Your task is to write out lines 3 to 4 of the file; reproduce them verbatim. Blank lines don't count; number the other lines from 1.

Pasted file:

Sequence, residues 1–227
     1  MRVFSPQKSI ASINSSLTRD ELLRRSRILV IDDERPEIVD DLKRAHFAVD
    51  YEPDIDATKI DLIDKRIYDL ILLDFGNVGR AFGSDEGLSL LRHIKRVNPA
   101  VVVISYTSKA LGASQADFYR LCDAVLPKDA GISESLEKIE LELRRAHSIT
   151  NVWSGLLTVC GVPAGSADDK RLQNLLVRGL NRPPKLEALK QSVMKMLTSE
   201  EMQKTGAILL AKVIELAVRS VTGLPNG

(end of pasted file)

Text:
    51  YEPDIDATKI DLIDKRIYDL ILLDFGNVGR AFGSDEGLSL LRHIKRVNPA
   101  VVVISYTSKA LGASQADFYR LCDAVLPKDA GISESLEKIE LELRRAHSIT